vintage train case workbox
You know how sometimes you can spend a very long time, hours even, surfing the net for homeschooling ideas, only to come up with nothing? Well, last night the search was worth it--I got the last bits I needed to allow myself to let it all go for summer, confidently prepared for Beezy's upcoming 7th grade year.
But you thought we were done obsessing over homeschooling philosophy and methods?! Though there will always be a little tweaking of the curriculum as we go along, discovering what works well and what needs to be altered, I feel good about my Vintage Catholic Home Education method. In producing a synthesis of Charlotte Mason, Classical Studies, and the Scholastic Method, I find that each helps to balance the strengths and weaknesses of the others in my mind, and together they form a holistic integration.
What we are addressing today is the topic of organization. I've been wanting to move Beezy toward greater independence in her studies, but I haven't been sure how to do this, apart from the natural transition from me reading most of the books aloud, to her reading the majority of her own school books.
One wise mother solved the mystery. She wrote that homeschooled children need to know when their work is going to be done, just like children who go to school know when their day is over. The solution is in something called a workbox. This system was invented by Sue Patrick (see http://workboxsystem.com/). The basic idea is that each child has a set of boxes, each box numbered in order of assignments, one task to each box. Some of the examples I saw online were stacked, plastic boxes with drawers. Once the child has finished completing the work in his boxes, he is done for that day.
As I was reading about his system, Sarah Mackenzie's notebooking strategy came to mind. She spends a few minutes each evening writing the child's assignments for the next day in a spiral notebook. The child checks a box after he completes a task, and Mom checks off a 2nd box when she has inspected the work. Of course, some lessons must be done with Mom's help.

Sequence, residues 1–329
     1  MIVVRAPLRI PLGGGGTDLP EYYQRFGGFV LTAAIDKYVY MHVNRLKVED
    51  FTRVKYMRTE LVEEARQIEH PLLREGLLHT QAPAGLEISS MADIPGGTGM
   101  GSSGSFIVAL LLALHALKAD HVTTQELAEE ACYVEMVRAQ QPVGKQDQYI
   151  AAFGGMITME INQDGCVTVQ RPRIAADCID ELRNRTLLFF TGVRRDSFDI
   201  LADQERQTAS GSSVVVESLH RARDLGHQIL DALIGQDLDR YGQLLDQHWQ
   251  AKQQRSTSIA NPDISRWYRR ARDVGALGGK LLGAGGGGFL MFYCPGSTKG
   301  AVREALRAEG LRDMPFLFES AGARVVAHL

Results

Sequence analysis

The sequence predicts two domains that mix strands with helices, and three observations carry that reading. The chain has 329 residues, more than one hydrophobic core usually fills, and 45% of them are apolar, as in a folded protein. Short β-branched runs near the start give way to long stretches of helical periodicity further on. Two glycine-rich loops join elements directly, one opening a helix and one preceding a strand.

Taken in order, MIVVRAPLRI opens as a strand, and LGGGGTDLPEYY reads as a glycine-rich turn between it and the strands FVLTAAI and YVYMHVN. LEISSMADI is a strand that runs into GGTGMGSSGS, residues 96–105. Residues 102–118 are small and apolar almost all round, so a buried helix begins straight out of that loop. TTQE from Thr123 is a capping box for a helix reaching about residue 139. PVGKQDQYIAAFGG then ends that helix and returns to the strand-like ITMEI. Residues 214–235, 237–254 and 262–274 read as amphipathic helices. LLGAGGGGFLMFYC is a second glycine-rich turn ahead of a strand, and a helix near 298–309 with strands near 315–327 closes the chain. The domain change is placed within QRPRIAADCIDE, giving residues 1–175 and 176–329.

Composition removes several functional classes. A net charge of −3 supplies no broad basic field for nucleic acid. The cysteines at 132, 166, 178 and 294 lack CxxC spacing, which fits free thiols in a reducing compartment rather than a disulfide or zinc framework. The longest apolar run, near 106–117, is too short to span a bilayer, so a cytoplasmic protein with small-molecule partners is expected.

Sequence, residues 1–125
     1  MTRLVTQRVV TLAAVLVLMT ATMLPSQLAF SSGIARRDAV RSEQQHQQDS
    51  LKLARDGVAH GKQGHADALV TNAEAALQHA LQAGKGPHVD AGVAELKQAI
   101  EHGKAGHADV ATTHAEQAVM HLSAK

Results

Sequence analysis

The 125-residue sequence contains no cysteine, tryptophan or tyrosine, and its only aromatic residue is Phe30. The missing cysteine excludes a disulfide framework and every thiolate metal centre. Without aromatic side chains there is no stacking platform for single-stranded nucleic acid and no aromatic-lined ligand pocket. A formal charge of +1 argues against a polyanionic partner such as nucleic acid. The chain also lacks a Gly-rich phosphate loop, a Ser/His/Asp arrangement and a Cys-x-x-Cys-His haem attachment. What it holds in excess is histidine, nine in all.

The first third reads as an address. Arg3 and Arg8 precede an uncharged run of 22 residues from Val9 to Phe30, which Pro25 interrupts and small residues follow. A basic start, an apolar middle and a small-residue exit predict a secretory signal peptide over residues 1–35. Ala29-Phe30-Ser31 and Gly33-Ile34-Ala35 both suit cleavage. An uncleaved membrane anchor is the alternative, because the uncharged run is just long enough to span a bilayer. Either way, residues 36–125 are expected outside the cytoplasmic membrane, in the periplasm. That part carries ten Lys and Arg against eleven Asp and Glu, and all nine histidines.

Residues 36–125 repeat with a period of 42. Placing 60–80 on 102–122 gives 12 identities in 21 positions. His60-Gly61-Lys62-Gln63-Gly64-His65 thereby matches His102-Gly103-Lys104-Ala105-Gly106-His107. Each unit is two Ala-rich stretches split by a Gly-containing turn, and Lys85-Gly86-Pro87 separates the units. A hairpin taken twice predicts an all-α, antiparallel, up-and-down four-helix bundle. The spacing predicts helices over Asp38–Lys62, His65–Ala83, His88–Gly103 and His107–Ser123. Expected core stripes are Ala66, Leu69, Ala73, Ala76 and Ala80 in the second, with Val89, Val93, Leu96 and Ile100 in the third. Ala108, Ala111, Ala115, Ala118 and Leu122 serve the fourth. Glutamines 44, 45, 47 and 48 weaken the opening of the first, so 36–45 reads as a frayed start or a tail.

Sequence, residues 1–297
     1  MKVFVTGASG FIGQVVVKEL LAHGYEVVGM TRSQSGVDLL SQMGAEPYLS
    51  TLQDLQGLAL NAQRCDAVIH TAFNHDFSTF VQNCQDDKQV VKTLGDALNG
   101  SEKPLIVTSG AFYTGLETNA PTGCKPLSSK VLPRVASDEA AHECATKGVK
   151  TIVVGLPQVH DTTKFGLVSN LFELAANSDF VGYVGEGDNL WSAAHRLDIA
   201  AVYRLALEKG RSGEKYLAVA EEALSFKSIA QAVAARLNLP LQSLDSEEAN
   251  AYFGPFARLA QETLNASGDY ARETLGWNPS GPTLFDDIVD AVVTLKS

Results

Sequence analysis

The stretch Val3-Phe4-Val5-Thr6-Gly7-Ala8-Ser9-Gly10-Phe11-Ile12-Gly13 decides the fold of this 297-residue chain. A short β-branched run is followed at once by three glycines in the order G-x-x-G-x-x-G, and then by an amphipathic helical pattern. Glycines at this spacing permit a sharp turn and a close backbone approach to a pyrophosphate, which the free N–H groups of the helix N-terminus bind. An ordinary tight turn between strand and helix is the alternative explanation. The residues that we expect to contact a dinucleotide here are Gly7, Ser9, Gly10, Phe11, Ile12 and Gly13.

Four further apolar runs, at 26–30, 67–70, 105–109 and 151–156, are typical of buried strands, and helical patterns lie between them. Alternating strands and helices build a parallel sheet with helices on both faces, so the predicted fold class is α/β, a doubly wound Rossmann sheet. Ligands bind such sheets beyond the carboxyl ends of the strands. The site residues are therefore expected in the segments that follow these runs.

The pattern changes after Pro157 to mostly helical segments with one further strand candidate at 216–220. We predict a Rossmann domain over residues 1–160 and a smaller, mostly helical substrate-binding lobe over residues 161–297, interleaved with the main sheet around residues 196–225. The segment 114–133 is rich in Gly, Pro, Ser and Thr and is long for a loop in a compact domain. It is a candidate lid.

I put the two ideas together, and I have the system set up to begin on Monday. We have a couple weeks left to this 6th grade year, so this will give me the opportunity to try it out and fine tune the details. My hope is that this process will end the whining--"How many more things do we have to do?" "Do we still have a lot of things left to do?" "Why can't we just be done?"
The picture at the top of the page shows the vintage train case I set up as Beezy's workbox. Up till now I've had control of the clipboard with the list of the assignments. She now has her own clipboard with that day's assignments. She'll check them off as she goes, and I'll put a line through the check mark when I've inspected the work. Workbook pages that she will need to do will be on the clipboard, and the books she will be reading will be in the box. This will make her responsible for completing her lessons. She will be able to see what she needs to do, and she'll know when she is done!
I'm keeping a 3-ring Mother's Master Book of all the assignments on loose leaf paper, with work samples in pocket folders. The curriculum outline and general planning ideas also go in the book. So a portfolio is being made for our end-of-year evaluation by a certified teacher as we go along. I have my own clipboard with the schedule for the week printed out, and I just check things off as they're accomplished. It's a simple record-keeping system, and you could do something similar for each child in your family. You could either have a section for each one in the Master Book, or a separate book for each person, just as each one has his own workboxes. You could also create a "morning basket" for group read alouds and activities.
Here are some more pics of all the things I've just described. Let me know in the comments if you have any questions!
Monday's assignments on Beezy's clipboard
My clipboard with weekly schedule
Mother's Master Book